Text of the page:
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At least 46 anti-abortion bills are already in front of state legislatures in 2017

State legislatures have been back in session a little more than a week and lawmakers are already going after abortion rights. At least 46 anti-abortion bills have been introduced or are pending in 14 states as of Thursday morning — 15 in Missouri alone, according to research compiled by the Guttmacher Institute, a nonprofit group that supports abortion rights, and additional reporting by VICE News. Many of these measures are nearly identical and fit distinct patterns, such as “personhood” bills in Missouri, Texas, and Florida that aim to grant fetuses a right to life from the moment of conception.


See a full list of these measures by state below.

Lawmakers in five states (Kentucky, New Jersey, Virginia, Texas, and Florida) introduced bills to ban abortion after 20 weeks of fertilization, when, they argue, fetuses can feel pain. These bills are modeled after legislation drafted by the anti-abortion organization National Right to Life, which has made passing the “Pain-Capable Unborn Child Protection Act” in states around the country a priority in recent years. Nebraska was the first state to adopt this law, in 2010, and now at least 14 other states have 20-week bans in place, according to Guttmacher. Ohio Republican Gov. John Kasich signed a 20-week ban into law late last year after months of controversy surrounding a different bill that would have banned abortions at six weeks.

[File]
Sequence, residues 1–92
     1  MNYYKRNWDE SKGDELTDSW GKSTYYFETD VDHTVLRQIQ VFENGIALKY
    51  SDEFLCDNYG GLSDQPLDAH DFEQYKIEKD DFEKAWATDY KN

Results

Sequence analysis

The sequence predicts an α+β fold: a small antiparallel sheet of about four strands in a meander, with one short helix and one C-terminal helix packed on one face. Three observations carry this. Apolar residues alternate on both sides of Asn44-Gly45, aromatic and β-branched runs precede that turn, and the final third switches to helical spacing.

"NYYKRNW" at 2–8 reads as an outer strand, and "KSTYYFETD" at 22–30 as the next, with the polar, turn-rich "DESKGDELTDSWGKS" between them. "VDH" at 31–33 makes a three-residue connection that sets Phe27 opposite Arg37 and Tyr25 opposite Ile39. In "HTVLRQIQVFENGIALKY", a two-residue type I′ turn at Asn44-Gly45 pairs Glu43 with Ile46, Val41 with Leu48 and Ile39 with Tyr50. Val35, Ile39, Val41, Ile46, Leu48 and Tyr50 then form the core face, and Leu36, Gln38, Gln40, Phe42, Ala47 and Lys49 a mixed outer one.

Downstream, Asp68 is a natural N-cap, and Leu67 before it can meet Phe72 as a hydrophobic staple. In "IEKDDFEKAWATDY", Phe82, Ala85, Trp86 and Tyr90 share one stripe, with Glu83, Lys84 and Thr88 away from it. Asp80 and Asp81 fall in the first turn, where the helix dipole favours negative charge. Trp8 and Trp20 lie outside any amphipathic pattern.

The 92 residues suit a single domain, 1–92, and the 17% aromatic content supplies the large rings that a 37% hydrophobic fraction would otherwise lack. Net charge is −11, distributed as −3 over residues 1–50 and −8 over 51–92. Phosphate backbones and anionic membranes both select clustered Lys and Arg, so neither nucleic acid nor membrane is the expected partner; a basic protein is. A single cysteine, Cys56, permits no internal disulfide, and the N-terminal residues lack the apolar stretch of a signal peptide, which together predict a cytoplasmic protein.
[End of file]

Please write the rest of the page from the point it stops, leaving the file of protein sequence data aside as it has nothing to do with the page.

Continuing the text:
Another common proposal seeks to ban “dilation and extraction” abortions, the most common procedure used during the second trimester. Missouri, Texas, Arkansas, and New Jersey have filed bills that would make the procedure illegal except in rare cases. This is another piece of legislation drafted and backed by National Right to Life (the group calls the measure the “Unborn Child Protection from Dismemberment Abortion Act”). The Texas chapter of the organization said passing this law is its number one priority for the upcoming legislative session. Mississippi and West Virginia are the only two states that currently ban dilation and extraction abortions.


Medical evidence does not support the claim that a fetus can feel pain at 20 weeks or through the second-trimester procedure.

These measures reflect the “personhood” movement, which is premised on the idea that an unborn fetus is entitled to the same constitutional rights as a person. The notion that life begins at conception, or at the first detection of a heartbeat, is the basis for bills like Indiana’s HB 1134, which seeks to redefine the beginning of human life as “when a human ovum is fertilized by a human sperm.” Bills that require women seeking abortions to have an ultrasound and view it, like Missouri’s HB 404, and bills that mandate funeral requirements for fetal remains, like Texas’ HB 201, also reinforce the notion that abortion ends a viable human life.

The 1973 Supreme Court decision in Roe v. Wade affirmed a woman’s constitutional right to an abortion until the fetus was deemed viable (defined as being being able to live for a prolonged period of time outside the mother’s womb, usually at the start of the third trimester).